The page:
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Henry Wadsworth Longfellow, ed. Poems of Places: An Anthology in 31 Volumes.
France: Vols. IX–X. 1876–79.

Luberon, the Mountains

Gathering the Cocoons

By Frédéric Mistral (1830–1914)

(From Mirèio)
Translated by Harriet W. Preston

ONCE, in the wild woods of the Luberon,

A shepherd kept his flock. His days were long;

But when at last the same were wellnigh spent,

And toward the grave his iron frame was bent,

He sought the hermit of Saint Ouquèri,

To make his last confession piously.

Alone, in the Vaumasco valley lost,

His foot had never sacred threshold crost,

Since he partook his first communion.

Even his prayers were from his memory gone;

But now he rose and left his cottage lowly,

And came and bowed before the hermit holy.

“With what sin chargest thou thyself, my brother?”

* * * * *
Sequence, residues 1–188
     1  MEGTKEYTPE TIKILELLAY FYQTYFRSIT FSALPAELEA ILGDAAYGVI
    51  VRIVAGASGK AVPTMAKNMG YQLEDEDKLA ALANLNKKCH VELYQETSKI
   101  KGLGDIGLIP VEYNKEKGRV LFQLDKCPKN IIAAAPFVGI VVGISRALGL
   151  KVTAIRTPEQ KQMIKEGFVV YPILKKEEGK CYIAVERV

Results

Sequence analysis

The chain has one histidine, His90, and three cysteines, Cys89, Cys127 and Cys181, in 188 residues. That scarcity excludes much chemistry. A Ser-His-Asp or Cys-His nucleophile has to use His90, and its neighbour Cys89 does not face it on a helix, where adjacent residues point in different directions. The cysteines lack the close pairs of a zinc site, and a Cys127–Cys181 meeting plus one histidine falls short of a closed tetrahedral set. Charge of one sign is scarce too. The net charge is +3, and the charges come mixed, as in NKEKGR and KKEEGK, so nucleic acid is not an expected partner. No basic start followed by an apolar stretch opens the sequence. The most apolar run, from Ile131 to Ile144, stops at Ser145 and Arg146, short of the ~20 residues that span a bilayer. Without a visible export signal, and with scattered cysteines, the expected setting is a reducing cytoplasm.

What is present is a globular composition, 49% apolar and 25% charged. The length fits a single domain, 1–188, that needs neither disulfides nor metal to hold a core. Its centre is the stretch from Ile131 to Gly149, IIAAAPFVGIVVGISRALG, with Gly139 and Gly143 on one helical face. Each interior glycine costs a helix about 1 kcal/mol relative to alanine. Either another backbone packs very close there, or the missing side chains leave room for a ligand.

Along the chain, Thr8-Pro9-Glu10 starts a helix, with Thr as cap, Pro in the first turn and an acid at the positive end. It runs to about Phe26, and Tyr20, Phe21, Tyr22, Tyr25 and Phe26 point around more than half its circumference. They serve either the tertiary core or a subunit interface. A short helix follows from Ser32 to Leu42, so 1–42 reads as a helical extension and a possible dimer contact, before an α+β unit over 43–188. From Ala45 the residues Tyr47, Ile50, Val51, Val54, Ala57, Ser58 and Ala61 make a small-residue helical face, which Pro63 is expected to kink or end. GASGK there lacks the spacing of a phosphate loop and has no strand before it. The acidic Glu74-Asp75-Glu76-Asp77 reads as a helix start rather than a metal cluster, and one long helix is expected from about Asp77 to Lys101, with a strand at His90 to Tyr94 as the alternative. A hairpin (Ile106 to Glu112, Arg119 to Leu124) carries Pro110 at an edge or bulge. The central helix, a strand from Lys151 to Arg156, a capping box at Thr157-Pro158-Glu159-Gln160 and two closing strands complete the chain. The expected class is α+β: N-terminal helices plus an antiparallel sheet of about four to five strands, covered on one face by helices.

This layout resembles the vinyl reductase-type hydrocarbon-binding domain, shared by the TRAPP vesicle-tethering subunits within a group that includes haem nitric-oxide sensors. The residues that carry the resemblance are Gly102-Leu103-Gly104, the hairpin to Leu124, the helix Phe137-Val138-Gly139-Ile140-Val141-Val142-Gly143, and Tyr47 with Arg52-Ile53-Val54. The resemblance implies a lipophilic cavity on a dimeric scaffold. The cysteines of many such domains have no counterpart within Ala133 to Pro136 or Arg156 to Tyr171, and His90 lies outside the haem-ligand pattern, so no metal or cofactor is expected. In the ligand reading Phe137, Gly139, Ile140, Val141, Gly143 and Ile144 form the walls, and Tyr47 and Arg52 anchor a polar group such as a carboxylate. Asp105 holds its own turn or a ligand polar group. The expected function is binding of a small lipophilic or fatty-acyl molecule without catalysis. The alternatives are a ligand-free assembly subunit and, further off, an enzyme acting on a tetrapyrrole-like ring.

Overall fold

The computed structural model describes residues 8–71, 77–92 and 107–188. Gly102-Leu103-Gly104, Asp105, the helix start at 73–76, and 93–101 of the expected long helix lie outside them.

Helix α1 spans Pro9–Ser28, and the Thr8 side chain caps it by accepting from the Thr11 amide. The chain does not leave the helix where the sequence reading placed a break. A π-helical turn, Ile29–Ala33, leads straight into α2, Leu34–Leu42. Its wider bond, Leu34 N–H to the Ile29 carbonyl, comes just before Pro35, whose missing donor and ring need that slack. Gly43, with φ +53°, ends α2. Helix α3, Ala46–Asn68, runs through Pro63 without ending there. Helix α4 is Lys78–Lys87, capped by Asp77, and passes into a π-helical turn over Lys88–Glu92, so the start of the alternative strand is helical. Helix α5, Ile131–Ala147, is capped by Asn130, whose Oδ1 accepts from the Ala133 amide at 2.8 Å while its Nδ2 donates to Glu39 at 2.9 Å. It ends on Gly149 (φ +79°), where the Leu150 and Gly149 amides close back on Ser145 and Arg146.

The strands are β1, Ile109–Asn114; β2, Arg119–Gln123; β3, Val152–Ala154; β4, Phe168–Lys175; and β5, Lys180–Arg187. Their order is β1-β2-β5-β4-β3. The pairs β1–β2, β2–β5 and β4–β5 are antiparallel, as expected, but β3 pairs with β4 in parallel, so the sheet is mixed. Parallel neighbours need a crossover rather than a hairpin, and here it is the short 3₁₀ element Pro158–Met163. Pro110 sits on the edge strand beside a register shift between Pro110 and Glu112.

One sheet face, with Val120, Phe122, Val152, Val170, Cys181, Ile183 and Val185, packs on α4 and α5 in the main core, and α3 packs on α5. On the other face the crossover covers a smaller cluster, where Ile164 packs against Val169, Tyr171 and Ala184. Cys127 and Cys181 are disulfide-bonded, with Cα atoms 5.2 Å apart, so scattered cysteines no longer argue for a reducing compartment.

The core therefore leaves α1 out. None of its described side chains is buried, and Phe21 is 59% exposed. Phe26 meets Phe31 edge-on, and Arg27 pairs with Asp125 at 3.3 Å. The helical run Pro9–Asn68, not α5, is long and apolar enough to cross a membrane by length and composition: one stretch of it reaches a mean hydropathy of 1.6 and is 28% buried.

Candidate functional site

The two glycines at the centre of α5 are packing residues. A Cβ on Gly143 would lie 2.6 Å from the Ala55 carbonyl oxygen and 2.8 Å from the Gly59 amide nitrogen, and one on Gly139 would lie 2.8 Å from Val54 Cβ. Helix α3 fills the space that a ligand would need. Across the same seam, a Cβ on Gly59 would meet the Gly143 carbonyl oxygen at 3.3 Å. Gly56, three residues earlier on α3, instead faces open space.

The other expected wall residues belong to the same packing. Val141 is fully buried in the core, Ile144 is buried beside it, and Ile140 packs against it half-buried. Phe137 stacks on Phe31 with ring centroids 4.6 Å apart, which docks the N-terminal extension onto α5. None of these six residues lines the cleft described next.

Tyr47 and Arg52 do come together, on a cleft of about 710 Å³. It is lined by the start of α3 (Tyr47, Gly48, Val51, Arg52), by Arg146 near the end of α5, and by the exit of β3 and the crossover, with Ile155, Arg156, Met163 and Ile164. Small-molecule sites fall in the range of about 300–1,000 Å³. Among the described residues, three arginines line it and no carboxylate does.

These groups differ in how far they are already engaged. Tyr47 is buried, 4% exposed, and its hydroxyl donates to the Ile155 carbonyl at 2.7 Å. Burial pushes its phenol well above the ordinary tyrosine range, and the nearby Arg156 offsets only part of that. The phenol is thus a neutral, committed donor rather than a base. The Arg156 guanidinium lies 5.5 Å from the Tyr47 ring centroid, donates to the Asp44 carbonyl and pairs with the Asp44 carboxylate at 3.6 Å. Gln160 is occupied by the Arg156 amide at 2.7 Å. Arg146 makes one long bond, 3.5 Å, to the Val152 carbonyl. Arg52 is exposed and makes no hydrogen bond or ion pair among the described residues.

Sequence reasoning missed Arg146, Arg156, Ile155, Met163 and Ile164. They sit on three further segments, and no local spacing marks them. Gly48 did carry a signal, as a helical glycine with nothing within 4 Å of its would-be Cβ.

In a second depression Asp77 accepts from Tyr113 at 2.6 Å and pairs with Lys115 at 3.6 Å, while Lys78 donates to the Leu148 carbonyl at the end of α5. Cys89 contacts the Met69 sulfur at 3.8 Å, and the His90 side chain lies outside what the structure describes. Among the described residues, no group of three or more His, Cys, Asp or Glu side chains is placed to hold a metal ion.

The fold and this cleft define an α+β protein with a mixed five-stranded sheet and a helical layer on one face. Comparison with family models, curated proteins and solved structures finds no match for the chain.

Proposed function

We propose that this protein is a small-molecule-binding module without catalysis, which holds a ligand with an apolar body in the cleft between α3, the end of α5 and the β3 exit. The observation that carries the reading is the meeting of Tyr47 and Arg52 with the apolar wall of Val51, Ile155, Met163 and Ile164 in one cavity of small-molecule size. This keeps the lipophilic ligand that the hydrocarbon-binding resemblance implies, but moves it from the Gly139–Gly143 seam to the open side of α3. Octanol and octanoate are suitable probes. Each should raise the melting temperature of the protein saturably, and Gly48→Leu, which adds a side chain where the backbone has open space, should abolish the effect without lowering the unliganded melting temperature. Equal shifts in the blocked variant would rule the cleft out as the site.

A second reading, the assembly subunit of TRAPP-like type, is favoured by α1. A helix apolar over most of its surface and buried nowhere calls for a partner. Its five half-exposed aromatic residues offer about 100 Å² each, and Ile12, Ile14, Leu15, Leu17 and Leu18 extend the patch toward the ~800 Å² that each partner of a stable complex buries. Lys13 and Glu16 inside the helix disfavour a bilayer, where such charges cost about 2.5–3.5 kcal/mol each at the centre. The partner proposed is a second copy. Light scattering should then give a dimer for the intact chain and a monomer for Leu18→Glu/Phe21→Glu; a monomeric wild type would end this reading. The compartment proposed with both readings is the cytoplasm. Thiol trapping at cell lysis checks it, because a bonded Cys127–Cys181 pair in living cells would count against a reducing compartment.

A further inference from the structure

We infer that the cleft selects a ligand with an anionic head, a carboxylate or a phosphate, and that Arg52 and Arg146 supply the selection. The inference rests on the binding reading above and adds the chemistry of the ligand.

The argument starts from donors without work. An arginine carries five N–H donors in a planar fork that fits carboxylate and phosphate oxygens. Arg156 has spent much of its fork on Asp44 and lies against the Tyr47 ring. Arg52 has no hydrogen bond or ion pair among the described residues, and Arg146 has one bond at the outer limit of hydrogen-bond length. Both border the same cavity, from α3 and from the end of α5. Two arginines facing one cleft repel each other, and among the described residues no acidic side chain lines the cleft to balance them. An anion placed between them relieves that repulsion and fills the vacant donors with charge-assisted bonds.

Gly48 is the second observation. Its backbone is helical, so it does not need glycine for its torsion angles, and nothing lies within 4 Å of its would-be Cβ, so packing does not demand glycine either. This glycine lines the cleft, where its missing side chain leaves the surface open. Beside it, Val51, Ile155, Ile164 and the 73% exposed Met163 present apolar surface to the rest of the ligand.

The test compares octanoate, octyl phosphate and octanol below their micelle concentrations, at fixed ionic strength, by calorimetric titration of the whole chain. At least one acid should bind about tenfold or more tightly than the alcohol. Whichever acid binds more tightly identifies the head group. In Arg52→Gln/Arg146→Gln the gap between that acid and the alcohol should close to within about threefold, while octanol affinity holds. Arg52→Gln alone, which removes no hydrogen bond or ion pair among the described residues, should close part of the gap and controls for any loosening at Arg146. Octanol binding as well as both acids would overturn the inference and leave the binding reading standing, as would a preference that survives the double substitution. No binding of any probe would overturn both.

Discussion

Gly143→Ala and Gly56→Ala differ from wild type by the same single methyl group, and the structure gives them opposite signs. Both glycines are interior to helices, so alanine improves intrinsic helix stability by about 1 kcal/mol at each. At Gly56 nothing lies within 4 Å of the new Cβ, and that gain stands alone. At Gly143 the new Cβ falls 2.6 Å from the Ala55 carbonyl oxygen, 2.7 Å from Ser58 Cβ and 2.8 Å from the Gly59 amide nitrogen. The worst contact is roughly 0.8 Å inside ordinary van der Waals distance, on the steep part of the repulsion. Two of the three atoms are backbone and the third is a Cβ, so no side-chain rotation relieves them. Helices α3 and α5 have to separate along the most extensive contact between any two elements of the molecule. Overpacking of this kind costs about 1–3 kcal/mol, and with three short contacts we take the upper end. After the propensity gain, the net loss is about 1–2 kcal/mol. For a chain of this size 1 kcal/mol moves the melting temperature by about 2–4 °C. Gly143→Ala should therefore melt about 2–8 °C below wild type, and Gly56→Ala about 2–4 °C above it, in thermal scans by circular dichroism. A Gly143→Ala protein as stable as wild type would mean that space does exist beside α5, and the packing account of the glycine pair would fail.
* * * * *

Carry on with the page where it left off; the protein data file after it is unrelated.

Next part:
The solitary said. Replied the other,

The aged man, “Once, long ago, I slew

A little bird about my flock that flew,—

A cruel stone I flung its life to end:

It was a wagtail, and the shepherds’ friend.”

“Is this a simple soul,” the hermit thought,

“Or is it an impostor?” And he sought

Curiously to read the old man’s face

Until, to solve the riddle, “Go,” he says,

“And hang thy shepherd’s cloak yon beam upon,

And afterward I will absolve my son.”

A single sunbeam through the chapel strayed;

And there it was the priest the suppliant bade

To hang his cloak! But the good soul arose,

And drew it off with mien of all repose,

And threw it upward. And it hung in sight

Suspended on the slender shaft of light!

Then fell the hermit prostrate on the floor,

“O man of God!” he cried, and he wept sore,

“Let but the blessed hand these tears bedew,

Fulfil the sacred office for us two!

No sins of thine can I absolve, ’t is clear:

Thou art the saint, and I the sinner here!”